What is a Victory Garden?

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As Canadians, diversity is one of our strengths, but one aspect we seldom embrace enough is generational diversity. As we all face a time of extraordinary challenges together, we have a truly amazing opportunity to combine the lived experiences of our older generations with the technical savvy of the younger ones. One remarkable example is the Victory Garden—a movement that is past due for a comeback.

A Brief History of Victory Gardens

If you’re fairly young, you may wonder why people in their fifties or older tend to be more knowledgeable about gardening than folks born after 1970. A great deal of this stems from the Victory Garden movement, which was a landmark cultural movement in North America, Europe, and Australia during World Wars I and II. 

During this period in history, the food supply was rationed as production and transportation systems were focused on supporting the war effort. In Canada, the Ministry of Agriculture began a campaign to popularize vegetable gardening in backyards and public parks to supplement war rations and improve morale.

While families certainly enjoyed the health benefits of all that fresh produce, the morale-boosting effects of the Victory Gardens were a major factor in their success. Gardening gave civilians a way to indirectly support their country’s troops, united people with a shared sense of purpose, and provided people of all ages with a rewarding pastime. Schools began offering gardening programs to build kids’ growing skills and get them interested in their family gardens. Families were also encouraged to keep chicken coops as a way to further enrich their diets with fresh, wholesome eggs. 

Baby Boomers still remember the days when everyone had one of these fantastic gardens, but as the war crept further back in history, growing produce fell out of fashion. As more and more women began working outside of the home, the convenience of grocery stores overtook the common will to keep veggie gardening. For better or worse, many Gen Xers and virtually all Millennials grew up getting their veggies from produce aisles. 

Now, with Gen Z beginning to enter the workforce, an invisible enemy has changed the rules again. Suddenly, the grocery store has practically become a war zone!

Source: Library of Congress and Northwestern University

Vintage Gardening for Modern Times

In an ironic twist of fate, the Victory Garden is starting to gain momentum again. With spring upon us, we’re faced with a choice—will we continue to rely on the grocery store for all of our perishables, or are we better off planting some seeds and reviving the Victory Garden movement? 

Personally, I’m strongly in favour of what many of us in the garden centre world are calling ‘Victory Gardens 2.0.’ These are, quite literally, not your grandmother’s gardens. By learning from the growing practises of our elders and adapting them to contemporary needs, we actually have a chance to reap much more than we sow—in more ways than one.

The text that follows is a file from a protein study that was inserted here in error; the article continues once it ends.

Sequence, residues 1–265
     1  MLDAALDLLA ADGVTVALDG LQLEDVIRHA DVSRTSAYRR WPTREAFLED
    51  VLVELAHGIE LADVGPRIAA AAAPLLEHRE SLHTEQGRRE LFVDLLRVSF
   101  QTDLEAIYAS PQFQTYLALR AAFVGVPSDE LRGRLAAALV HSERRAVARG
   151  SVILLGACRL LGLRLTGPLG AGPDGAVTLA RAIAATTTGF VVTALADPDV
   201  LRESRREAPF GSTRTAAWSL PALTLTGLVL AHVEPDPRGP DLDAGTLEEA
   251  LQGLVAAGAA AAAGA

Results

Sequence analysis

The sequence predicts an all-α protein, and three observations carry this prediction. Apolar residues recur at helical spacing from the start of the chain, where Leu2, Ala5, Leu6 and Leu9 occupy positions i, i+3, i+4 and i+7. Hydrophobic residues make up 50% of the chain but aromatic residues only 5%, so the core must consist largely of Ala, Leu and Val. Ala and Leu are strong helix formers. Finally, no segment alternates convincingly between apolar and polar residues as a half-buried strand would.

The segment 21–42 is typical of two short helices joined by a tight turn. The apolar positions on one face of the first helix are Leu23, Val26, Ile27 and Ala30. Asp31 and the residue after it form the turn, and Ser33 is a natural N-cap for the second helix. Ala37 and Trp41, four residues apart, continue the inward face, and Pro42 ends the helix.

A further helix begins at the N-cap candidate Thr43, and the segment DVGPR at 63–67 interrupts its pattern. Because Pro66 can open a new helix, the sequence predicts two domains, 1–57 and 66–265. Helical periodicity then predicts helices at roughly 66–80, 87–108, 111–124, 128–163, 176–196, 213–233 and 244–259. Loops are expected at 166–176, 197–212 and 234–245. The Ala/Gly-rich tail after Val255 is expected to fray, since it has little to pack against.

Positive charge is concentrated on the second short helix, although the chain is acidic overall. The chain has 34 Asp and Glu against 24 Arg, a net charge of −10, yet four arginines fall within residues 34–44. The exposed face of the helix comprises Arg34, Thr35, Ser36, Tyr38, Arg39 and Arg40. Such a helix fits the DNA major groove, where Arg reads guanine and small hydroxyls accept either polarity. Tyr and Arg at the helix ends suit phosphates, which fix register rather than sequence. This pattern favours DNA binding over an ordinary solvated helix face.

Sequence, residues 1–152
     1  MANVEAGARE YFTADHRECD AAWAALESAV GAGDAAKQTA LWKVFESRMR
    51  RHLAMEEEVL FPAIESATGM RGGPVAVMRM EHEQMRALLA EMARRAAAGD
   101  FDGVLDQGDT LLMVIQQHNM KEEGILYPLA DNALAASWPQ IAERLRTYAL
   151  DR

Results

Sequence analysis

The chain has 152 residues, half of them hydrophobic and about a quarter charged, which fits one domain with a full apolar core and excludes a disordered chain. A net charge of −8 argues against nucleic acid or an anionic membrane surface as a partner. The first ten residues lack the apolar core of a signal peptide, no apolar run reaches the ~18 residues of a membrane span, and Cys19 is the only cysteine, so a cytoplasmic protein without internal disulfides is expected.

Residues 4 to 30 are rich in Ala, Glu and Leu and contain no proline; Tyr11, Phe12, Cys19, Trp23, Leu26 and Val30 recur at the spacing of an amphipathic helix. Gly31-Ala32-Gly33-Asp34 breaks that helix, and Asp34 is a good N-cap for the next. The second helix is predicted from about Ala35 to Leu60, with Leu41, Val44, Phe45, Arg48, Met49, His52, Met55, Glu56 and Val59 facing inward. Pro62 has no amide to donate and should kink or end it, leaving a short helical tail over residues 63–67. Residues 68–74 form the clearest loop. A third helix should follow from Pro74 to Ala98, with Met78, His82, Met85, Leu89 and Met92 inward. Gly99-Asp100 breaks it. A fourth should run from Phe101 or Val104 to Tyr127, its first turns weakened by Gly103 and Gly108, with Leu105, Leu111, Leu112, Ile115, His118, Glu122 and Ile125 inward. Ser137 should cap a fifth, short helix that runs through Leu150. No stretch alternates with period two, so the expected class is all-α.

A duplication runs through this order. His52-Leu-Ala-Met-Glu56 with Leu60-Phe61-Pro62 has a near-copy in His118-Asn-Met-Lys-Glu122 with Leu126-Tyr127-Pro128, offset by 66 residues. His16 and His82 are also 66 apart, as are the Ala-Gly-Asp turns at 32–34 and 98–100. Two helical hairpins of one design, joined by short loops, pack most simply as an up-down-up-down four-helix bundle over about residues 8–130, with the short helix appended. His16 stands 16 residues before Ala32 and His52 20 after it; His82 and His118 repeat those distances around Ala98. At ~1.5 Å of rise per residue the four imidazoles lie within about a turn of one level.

These days, we have all the “vintage” veggie gardening standbys—raised garden beds, veggie seeds, and our trusty wheelbarrows. However, we also have options available to us that Grandma could have only dreamed of. Think smart irrigation systems, higher-quality soil blends available for bulk delivery, premium organic fertilizers, and fast-growing vegetable hybrids with better flavour and bigger, earlier yields. What we can grow in a small yard today would be a miracle in the Victory Gardens of the past!

Pretty & Practical Pollinator Borders

An old-fashioned trick I recommend for anyone considering their own next-generation Victory Garden is the practise of planting a diverse array of flowers along your garden border. Beyond the obvious “pros” of having a yard filled with beautiful flowers, flower borders have practical benefits for your garden. 

For one, flowers—particularly native perennials—attract pollinators and other beneficial insects. There’s no better way to understand the importance of these vital creatures than to watch them as they visit your flowering tomato plants! Some pollinators also serve other beneficial purposes in the garden, like the aphid-hungry ladybug.

Beyond their appeal to pollinators, some flowers also have natural pest control properties that can manage the need for insecticides. Marigolds and chrysanthemums, for example, contain compounds that act as natural repellents to certain veggie-munching bugs.

Don’t Forget the Fruit!

As great as it is to toss up a homegrown salad or roast some garden-fresh potatoes, no one wants to skip dessert! Berry bushes and fruit trees are the perfect way to round out the offerings of your Victory Garden. Imagine the pies, jams, and crumbles you could make with the fruits of your own apple tree, Saskatoon shrub, blueberry or raspberry bush!

If you have space, I recommend growing a selection of several fruit and berry plants with varying harvest times. This way, as the season progresses, you’ll be treated to a variety of sweet, fresh, and juicy options.

While our setups might look a little different today than they did during wartime, we can still enjoy all the same benefits—including the morale boost. Right now, that sense of pride and joy may be the most important thing we can grow for ourselves. Here at Royal City Nursery, we’re still here to serve the communities surrounding Guelph, Cambridge, and Kitchener-Waterloo, so give us a call and let us help you join the movement. Together, we will be victorious!

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